• The ban on deer hunting is supported by 88%; hare hunting/coursing by 91%
  • Projections indicate that a majority of voters in constituencies right across England and Wales support the hunting ban.
  • By a factor of 7 to 1, voters are more likely to favour a candidate who backs the ban over one who doesn’t


Stag on a sunset


‘Game’ bird shooting

  • Introduce a ban on driven grouse shooting, establish a full inquiry into the commercial ‘canned bird-shooting’ industry in order to establish the scale of its environment, economic and animal welfare impact; and stop the use of lead shot.
  • Introduce a ban on the sale, use, and manufacture of snares.
Key facts
  • 100,000 birds are shot every day during the shooting season, and 35 million non-native pheasants and red-legged partridges are released to be shot for sport every year
  • Up to three quarters of animals caught in snares are not the intended target and include hares, badgers, family pets such as cats and dogs, deer and even otters
  • 77% of the British public think that snaring should be illegal


A pheasant looking straight to the camera with a group of pheasants in the background


Dog fighting

  • Increase the current maximum sentence for animal cruelty offences, including dog fighting, to five years imprisonment, and create a statutory register of convicted animal abusers to ensure that banning orders can be enforced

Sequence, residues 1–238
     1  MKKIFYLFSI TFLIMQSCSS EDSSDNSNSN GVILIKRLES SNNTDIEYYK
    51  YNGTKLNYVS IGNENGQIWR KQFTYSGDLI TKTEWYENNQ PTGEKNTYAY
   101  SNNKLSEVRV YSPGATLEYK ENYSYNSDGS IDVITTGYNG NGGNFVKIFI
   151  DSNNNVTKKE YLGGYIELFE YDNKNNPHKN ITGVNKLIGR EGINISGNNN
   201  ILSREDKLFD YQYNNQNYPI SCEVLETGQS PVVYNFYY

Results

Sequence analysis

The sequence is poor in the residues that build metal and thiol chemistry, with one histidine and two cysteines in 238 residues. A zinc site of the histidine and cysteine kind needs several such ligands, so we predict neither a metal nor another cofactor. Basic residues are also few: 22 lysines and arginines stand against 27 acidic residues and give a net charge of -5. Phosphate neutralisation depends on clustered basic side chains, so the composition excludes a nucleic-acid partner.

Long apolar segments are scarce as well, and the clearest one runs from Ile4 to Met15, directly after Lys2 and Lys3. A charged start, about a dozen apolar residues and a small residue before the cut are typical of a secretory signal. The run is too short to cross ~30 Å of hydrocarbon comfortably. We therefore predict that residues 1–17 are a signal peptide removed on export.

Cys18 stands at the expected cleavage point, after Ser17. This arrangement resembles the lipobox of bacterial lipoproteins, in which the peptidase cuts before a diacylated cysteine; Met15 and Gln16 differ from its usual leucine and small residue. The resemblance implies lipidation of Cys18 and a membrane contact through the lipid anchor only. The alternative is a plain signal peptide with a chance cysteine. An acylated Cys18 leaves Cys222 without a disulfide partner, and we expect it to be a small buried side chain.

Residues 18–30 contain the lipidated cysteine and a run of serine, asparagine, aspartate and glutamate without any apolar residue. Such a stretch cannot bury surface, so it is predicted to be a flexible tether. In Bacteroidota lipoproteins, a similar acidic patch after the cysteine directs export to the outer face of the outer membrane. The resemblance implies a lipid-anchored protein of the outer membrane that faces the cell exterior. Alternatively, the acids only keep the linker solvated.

• Support research into the links between animal abuse and violence against humans.
Key Facts
  • Despite being banned nearly 200 years ago, organised dog-fighting is still taking place in Britain today
  • The current maximum sentence for dog-fighting and other animal cruelty crimes is just 6 months in England and Wales


closeup of a sad looking dog


Conservation in Britain and abroad

  • Include education about Britain’s natural heritage and wildlife in the national curriculum so that the next generation take pride and are stakeholders in protecting it. The government should also support wildlife sanctuaries - including those owned and managed by NGOs - in preserving the UK’s most important species of fauna and flora, and bring an immediate end to culling of badgers
  • The UK should take a global lead on the fight against trophy hunting. Many species including big cats, giraffes and elephants have seen dramatic population falls and are now facing the threat of extinction in the wild. The British government has previously considered banning the import of hunting trophies. It should now act decisively, including on tackling the pernicious ivory trade
Key Facts
  • 450+ hunting trophies of threatened species were imported into the UK between 2004 and 2014


A lion in the savannah looking at the camera


If you agree with our Minifesto, please sign up using the form below to receive our campaign updates and consider joining as a member

You can tell your local election candidates what you think and find out their views on our key animal welfare concerns by Voting for Vinny!